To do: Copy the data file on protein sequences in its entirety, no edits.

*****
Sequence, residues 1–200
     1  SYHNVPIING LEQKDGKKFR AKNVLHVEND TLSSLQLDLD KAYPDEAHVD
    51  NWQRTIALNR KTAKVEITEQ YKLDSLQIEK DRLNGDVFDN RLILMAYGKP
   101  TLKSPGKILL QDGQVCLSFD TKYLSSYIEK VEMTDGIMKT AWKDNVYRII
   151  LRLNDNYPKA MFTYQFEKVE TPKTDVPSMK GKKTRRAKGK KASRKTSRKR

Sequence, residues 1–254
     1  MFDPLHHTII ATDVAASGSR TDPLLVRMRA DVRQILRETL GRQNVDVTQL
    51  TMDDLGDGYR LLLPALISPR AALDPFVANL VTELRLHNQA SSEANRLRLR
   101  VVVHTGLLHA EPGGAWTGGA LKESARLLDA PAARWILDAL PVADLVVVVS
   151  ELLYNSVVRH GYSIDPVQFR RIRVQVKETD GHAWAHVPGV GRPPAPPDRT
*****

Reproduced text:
Sequence, residues 1–200
     1  SYHNVPIING LEQKDGKKFR AKNVLHVEND TLSSLQLDLD KAYPDEAHVD
    51  NWQRTIALNR KTAKVEITEQ YKLDSLQIEK DRLNGDVFDN RLILMAYGKP
   101  TLKSPGKILL QDGQVCLSFD TKYLSSYIEK VEMTDGIMKT AWKDNVYRII
   151  LRLNDNYPKA MFTYQFEKVE TPKTDVPSMK GKKTRRAKGK KASRKTSRKR

Sequence, residues 1–254
     1  MFDPLHHTII ATDVAASGSR TDPLLVRMRA DVRQILRETL GRQNVDVTQL
    51  TMDDLGDGYR LLLPALISPR AALDPFVANL VTELRLHNQA SSEANRLRLR
   101  VVVHTGLLHA EPGGAWTGGA LKESARLLDA PAARWILDAL PVADLVVVVS
   151  ELLYNSVVRH GYSIDPVQFR RIRVQVKETD GHAWAHVPGV GRPPAPPDRT